In 1872, when Samuel Butler wrote a satirical novel about English society, he called it Erewhon, reversing most of the letters of the work "nowhere." In an attempt to force change, Butler ridiculed existing conditions.
Erewhone was a book in the utopian tradition. Another Englishman, Sir Thomas More, had coined the term utopia in 1516, using it as the title of his work about an ideal society. His coinage came from the Greek words ou (not), or eu (good) and topos (place).
There was a vaguesness about the word from the start. Was Utopia a good place or a nonexistent place? To complicate matters, Sir Thomas wrote in Latin. Had he chosen the equivalent negative Latin title, it probably would not have appealed. Nusquam (nowhere) just does not have the same ring to it as Utopia, so Utopia is was.
Of course, good or nonexistent, Utopia was not a real place. It was, as Butler later wrote, nowhere. Those who write about such imaginary societies usually recognize the unlikelihood of the radical changes they espouse. For this and other reasons utopia, utopian and utopianism have come to describe impossible idealized conditions.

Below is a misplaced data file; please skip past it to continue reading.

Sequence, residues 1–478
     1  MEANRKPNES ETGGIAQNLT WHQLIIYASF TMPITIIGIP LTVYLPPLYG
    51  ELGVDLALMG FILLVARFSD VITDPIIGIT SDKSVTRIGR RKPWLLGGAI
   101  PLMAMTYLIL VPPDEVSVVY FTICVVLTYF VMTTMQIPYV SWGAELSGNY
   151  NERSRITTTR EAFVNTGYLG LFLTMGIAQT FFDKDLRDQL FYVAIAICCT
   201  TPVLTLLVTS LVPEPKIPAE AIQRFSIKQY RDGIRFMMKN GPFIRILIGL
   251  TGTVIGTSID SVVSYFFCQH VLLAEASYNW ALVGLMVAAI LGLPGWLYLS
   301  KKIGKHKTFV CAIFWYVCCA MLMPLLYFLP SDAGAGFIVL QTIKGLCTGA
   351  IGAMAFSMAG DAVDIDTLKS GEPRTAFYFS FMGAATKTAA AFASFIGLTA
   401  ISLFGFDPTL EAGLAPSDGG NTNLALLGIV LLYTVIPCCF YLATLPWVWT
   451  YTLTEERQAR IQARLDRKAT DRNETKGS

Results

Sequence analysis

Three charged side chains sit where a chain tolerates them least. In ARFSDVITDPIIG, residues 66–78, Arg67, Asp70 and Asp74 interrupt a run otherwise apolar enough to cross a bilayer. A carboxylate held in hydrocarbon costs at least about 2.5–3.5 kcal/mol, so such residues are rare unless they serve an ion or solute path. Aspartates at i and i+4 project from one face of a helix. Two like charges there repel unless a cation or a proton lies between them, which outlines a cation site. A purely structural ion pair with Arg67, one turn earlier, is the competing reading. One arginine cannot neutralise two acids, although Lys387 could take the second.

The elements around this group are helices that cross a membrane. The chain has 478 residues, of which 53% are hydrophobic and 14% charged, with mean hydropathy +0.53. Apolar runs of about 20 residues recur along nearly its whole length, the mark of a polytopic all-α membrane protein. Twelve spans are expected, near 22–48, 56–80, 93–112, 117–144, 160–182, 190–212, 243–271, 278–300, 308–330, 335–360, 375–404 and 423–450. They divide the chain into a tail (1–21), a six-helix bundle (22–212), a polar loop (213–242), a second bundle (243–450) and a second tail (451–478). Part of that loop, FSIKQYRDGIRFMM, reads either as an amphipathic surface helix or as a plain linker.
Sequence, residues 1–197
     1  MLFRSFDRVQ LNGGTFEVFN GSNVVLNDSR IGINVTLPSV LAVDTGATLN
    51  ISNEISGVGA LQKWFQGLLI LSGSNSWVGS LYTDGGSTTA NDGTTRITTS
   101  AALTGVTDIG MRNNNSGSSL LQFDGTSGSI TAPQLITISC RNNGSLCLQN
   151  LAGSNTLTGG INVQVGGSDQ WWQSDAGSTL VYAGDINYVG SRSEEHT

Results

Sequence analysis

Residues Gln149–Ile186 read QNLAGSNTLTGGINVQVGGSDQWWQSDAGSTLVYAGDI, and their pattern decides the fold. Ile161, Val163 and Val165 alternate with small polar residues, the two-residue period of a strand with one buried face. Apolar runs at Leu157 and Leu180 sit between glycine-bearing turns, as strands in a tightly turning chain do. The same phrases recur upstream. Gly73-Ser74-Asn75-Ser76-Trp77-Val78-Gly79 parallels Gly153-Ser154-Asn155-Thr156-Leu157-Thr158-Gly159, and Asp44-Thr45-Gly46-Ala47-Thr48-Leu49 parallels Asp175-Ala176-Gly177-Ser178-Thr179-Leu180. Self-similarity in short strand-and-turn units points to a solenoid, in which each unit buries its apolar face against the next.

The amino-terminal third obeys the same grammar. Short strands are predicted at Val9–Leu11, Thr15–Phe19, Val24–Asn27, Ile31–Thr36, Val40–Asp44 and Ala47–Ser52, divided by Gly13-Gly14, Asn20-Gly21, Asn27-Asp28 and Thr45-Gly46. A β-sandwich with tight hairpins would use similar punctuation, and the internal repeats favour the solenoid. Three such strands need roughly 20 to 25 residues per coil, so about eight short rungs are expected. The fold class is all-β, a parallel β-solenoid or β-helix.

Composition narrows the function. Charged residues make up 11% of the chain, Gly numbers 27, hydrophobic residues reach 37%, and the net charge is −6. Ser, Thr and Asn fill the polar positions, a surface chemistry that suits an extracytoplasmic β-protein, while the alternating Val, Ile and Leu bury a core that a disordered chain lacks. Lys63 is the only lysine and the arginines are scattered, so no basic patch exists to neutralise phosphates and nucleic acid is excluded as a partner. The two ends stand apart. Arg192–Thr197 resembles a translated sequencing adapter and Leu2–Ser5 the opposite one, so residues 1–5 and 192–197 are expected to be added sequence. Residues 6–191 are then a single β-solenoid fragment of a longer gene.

The search for the perfect society has intrigued humanity from the beginning. The Bible records the ambitious efforts of the warrior king Nimrod to create the first cities on the earth. Like everyone with messianic pretensions, he no doubt tried to create the perfect conditions for human life.
Gathering folowers about him, the "Mighty hunter before the Lord" built the famous Mesopotamian city of Babylon, and three lesser known cities, Erech, Accad and Calneh. Then he traveled to Assyria, where he founded more cities-the capital, Nineveh, and Rehoboth Ir, Calah and Resen. At the dawn of recorded history these were major cities of the ancient world. We read about them in the 10th chapter of the biblical book of origins, Genesis.
Mankind has sought, but never attained, a perfect society ever since. Utopia is a dream that has never died. GN